Bruce J. Clemenger

Bruce J. Clemenger

Reprinted with permission from the Sep/Oct issue of Faith Today.

Well, that didn’t take long. Weeks after the government passed its law on assisted suicide, a legal challenge has already been launched to try to widen its availability.

Currently, hastened death is only legal for people whose deaths are “reasonably foreseeable,” which basically means terminally ill.

At the law’s draft stage, a majority of Senators already tried to have this restriction taken out. They ultimately failed.

Had this clause been removed, assisted suicide and euthanasia would be available to anyone with chronic suffering they consider unbearable, including suffering caused primarily by mental illness or conditions like diabetes – or even by disabilities.

During the government debates I attended a meeting of disability groups in Ottawa, including the minister of sport and persons with disabilities. Speaker after speaker pleaded with the government to reject the Senate’s proposed amendment.

Why? Because opening euthanasia to people with disabilities would put them in grave danger. Once people qualify for assisted suicide, they can feel pressured to end their lives. Most of us are protected from such pressures because hastening death remains illegal for us. Why should disability create an exemption?

Some argue, wrongly, that the terminal illness requirement is more than what the Supreme Court said was necessary. In fact, the court said its ruling was restricted to the circumstances before it, which concerned a woman whose condition was deteriorating to the point she would not be able to take her own life.

However, the language the court used is being interpreted by euthanasia advocates as if it were more expansive, as if it did not require the condition be terminal.

The EFC believes human life is sacred. We are fundamentally opposed to assisted suicide and euthanasia. We engaged in the debate over legislation because we knew the government was moving to allow the practices.

We made written submissions and appeared before committees to press for legislation that was as restrictive as possible to protect vulnerable people and uphold the sanctity of human life as much as possible. To prevent further harm, we are now in a position of having to defend a law we had opposed.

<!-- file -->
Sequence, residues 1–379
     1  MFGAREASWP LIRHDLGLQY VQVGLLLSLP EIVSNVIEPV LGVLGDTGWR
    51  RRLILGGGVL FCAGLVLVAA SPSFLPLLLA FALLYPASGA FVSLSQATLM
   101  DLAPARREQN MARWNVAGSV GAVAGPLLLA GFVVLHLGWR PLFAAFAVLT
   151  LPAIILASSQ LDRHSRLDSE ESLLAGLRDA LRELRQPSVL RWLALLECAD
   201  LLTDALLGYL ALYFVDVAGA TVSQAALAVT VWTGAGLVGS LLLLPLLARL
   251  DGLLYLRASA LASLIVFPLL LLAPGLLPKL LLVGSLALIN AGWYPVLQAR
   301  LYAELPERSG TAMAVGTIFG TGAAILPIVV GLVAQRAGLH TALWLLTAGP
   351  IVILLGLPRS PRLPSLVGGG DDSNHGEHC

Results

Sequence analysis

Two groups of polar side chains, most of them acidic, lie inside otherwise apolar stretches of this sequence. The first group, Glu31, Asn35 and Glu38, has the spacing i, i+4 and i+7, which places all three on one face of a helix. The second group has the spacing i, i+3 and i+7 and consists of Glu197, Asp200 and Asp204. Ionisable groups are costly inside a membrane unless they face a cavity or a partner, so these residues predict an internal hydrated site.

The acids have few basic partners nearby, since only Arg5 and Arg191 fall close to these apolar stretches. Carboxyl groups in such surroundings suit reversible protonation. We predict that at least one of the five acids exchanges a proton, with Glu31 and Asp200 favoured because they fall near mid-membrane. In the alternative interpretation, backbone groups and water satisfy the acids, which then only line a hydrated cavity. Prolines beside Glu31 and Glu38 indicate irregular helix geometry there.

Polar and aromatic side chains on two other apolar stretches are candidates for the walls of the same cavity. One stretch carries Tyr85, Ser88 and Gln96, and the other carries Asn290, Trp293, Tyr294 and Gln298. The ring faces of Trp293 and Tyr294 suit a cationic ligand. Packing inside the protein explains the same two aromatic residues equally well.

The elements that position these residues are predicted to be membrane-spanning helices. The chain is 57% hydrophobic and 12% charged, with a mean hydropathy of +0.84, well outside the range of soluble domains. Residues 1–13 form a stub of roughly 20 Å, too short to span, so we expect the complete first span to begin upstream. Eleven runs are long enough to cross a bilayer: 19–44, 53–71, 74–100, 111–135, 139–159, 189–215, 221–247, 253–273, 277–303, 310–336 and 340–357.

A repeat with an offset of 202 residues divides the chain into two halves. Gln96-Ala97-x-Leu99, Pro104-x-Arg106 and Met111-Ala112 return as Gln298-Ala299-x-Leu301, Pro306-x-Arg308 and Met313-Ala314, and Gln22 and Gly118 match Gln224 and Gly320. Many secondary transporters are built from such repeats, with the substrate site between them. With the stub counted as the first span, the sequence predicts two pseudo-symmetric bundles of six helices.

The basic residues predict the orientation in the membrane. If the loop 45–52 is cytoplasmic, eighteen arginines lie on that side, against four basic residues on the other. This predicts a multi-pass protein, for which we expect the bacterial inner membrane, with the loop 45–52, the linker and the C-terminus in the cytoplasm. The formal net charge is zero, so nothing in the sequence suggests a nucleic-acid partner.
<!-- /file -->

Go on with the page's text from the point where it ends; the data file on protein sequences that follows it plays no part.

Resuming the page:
The battle isn’t over. As Canadians become accustomed to euthanasia, the availability of palliative care will become less of a priority than it was during the height of the debate.

Palliative care must remain at the forefront, and the EFC is working with other faith groups to press the government to honour its commitment to improving availability.

The EFC has also been pressing all along for clear protection to ensure medical professionals and institutions who care for people near death will not be compelled to participate in killing. Although the new law affirms freedom of conscience, specific protections now need to be won province by province.

Ontario is the toughest so far. Other provinces are developing ways to process requests that do not violate the deeply held beliefs of medical professionals. But Ontario requires objecting doctors to, at minimum, provide an effective referral, which is like prescribing the death of their patient. This requirement is being challenged legally.

In Ontario it also seems extended-care facilities – including faith-based ones – will be expected to allow hastened death on their premises.

In addition to the legal and political battles, we must become even more involved in caring for people who are vulnerable or at the end of life. We cannot be complacent.

We who believe every life is invaluable need to express this by volunteering at palliative care wards and hospices, supporting neighbours caring for loved ones at home, and building bridges between our congregations and local seniors’ homes and care facilities.

We can serve God by engaging with both public policy and practical caring. Clearly, we have work to do.

Bruce J. Clemenger is President of The Evangelical Fellowship of Canada.

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